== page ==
My hair is a critical part of my self-expression, my artistic practice, a celebration of my heritage and my connection to spirit. So when TSA runs their dirty-ass latex gloves through my hair, it’s an insult. It’s racist. And it needs to stop.

A couple of months ago I headed to San Francisco from New York City for an annualEchoing Ida retreat. Unsurprisingly, but infuriatingly nonetheless, my hair needed to be inspected by a TSA agent at John F. Kennedy International (JFK) airport. I had had enough. Like many millennials, I took to social media to vent my frustration. When I landed on the West Coast, I opened my Facebook app to find that a bunch of my friends had commented, mostly black women. Many were outraged and others mentioned how they too go through this experience with TSA, wondering what we could do about it….

The TSA’s current practice does little to respond to an agreement it made with  the American Civil Liberties Union of Northern California (ACLUNC) last year.

The agreement was reached after the ACLUNC filed an administrative complaint on behalf of Malaika Singleton, Ph.D. – a black woman with locs who experienced a hair pat-down after going through TSA scanning at Los Angeles International Airport (LAX) and again at Minneapolis International Airport (MSP) in December 2013. According to the agreement, TSA offered to ensure that “training related to nondiscrimination is clear and consistent for TSA’s workforce” as well as specifically track hair pat-down complaints “from African-American females throughout the country to assess whether a discriminatory impact may be occurring at a specific TSA secured location.”

Armed with this information, I vowed that the next time one of these TSA agents tried to touch my hair, I would remind them about the ACLU agreement, take names and file a complaint. I didn’t have to wait very long. I had my opportunity on Sunday, March 13, at the Raleigh Durham International Airport (RDA) in North Carolina.

I was on my way home after attending and providing healing services at the BYP100 National Membership Convening. As usual, TSA needed to check my hair after scanning. I respectfully said no. When the TSA agent told me it was required, I asked for her supervisor. (Ironically, while I’m waiting, another TSA agent compliments me on my hair.) When her supervisor arrived, she said I had two options: 1) get my hair patted down where I was standing or 2) get my hair patted down in a private room. My heart was pounding. My ears were hot. I was steaming mad. It took everything I had to keep my composure. Despite my anger, I calmly explained: “I don’t want my hair touched. Every time I go through TSA security I get stopped for my hair, and other black women experience this too.” The agent replied, “It’s not just black women; Latina and Asian women get this treatment as well.” She said that if I refused, I would not be able to board my plane. It was 20 minutes until boarding and I didn’t want to miss my flight. After taking her name and letting her know that I would be filing a complaint, I “allowed” (can I even call it that?) a TSA agent to pat my hair down, only after I instructed her to change her latex gloves. She squeezed my bun, raked through my scalp. And what did she find? Nothing. What a surprise.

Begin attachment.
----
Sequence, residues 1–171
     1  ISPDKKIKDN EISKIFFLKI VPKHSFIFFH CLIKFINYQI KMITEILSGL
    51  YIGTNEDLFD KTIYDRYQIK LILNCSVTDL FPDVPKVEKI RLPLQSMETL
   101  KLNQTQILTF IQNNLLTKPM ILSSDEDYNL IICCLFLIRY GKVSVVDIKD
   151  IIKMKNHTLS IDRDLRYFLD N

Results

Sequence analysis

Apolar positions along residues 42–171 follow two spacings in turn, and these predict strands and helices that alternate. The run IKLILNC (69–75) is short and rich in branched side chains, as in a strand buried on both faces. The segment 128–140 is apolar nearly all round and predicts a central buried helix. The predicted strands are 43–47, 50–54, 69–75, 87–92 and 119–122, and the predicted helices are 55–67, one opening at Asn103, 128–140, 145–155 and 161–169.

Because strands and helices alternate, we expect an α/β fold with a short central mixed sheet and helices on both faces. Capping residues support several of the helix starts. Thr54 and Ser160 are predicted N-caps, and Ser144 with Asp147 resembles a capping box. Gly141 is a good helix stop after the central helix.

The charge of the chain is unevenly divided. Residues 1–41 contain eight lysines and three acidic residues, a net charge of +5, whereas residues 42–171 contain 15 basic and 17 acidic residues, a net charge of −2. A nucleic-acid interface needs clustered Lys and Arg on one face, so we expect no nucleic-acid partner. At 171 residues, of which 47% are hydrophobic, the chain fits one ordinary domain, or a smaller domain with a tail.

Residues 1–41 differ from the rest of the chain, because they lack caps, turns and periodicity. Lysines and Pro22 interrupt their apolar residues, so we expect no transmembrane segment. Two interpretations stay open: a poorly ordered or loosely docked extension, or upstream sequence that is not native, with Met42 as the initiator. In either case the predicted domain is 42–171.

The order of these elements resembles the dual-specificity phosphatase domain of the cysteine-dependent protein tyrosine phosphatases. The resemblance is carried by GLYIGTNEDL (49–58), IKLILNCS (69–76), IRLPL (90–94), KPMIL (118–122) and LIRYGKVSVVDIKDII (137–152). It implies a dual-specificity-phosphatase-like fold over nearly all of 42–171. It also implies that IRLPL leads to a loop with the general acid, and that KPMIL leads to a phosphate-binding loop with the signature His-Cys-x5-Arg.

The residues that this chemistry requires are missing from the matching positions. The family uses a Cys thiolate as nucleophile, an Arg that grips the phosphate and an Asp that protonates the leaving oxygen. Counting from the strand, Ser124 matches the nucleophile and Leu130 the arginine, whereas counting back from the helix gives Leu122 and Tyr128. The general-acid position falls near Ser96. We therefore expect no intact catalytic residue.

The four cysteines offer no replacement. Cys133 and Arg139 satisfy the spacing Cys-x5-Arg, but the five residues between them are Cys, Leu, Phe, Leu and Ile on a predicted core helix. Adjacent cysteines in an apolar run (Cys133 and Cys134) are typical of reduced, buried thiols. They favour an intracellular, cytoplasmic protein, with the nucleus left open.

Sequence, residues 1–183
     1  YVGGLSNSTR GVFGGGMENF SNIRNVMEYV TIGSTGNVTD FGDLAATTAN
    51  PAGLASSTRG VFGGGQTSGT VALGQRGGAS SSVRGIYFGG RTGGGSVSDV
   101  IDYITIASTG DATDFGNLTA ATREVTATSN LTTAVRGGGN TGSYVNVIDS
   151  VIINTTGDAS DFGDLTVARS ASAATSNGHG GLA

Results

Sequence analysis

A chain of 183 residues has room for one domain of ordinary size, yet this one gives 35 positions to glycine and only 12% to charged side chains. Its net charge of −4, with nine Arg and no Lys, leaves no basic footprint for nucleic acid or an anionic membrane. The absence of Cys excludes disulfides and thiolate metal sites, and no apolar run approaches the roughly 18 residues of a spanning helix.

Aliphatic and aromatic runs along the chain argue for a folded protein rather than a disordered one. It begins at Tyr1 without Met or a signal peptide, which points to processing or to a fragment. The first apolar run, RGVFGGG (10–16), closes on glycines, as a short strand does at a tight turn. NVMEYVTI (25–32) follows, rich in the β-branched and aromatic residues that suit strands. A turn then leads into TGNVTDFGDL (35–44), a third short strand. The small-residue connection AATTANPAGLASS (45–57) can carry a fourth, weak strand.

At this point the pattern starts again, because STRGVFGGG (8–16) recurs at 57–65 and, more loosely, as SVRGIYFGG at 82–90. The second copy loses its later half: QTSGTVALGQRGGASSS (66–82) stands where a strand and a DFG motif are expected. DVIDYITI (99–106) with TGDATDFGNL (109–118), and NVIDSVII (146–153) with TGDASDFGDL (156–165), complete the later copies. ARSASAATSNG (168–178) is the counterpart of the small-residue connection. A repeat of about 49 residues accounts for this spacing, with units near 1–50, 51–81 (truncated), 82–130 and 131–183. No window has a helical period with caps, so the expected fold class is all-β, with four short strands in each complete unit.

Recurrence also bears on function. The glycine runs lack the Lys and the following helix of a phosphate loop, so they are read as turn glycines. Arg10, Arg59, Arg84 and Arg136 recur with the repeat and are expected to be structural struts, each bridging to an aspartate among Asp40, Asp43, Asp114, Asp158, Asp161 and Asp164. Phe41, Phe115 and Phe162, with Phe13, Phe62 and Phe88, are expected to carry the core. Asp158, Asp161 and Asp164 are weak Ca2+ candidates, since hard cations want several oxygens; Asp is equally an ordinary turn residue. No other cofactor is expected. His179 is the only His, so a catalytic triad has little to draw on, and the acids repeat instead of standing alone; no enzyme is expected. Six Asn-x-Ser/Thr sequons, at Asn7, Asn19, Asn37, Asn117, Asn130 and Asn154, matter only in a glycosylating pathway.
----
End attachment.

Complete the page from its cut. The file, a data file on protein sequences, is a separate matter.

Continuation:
Being a black woman while flying has meant harassment: consistent and constant rummaging through my hair searching for nonexistent threats and weapons. I understand that in a post-9/11 era there is a desire to be cautious — especially given the most recent terrorist attacks in Paris and Brussels. I too desire safety and security; however, I am not convinced that my hair is deserving of so much suspicion. While the rare instance of hair smuggling is not completely unheard of, there have to be solutions to this security query that don’t involve a breach of civil liberties, racial profiling and humiliating pat-downs.

There are no bombs in my bun. Ain’t no weapons of mass destruction tangled in my fro-hawk. I’m not smuggling drugs in my braids. No firearms are concealed in my pinned-up pompadour. No hidden weapons under my headwrap. I promise not to use my bobby pins to stab anyone. Nor will I use my head scarf to choke passengers. My twist-outs are harmless. My high ponytail will not kill you. My black kinky hair in all of its styles (trust, there are many) does not compromise homeland security.

My hair is my crown and glory. Raised by a single mother who had a hectic schedule, I became responsible for doing my hair at the tender age of 9. So you know I take my hair seriously. I’ve done every hairdo under the sun: from bobs to bangs, Aailyah swoops to the T-Boz “Crazy Sexy Cool” cut. Short and long. A full head of hair and a frohawk. Perms, weave and natural. The list goes on. My hair is a big part of who I am. That the TSA is ill-equipped to deal with it in a routine and non-invasive manner is symptomatic of systemic racism….More